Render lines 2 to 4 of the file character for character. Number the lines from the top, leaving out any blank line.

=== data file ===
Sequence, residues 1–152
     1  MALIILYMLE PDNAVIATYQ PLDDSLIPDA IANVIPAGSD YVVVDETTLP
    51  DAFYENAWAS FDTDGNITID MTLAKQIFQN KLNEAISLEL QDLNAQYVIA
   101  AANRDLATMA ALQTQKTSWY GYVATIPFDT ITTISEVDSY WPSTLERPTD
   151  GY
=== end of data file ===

     1  MALIILYMLE PDNAVIATYQ PLDDSLIPDA IANVIPAGSD YVVVDETTLP
    51  DAFYENAWAS FDTDGNITID MTLAKQIFQN KLNEAISLEL QDLNAQYVIA
   101  AANRDLATMA ALQTQKTSWY GYVATIPFDT ITTISEVDSY WPSTLERPTD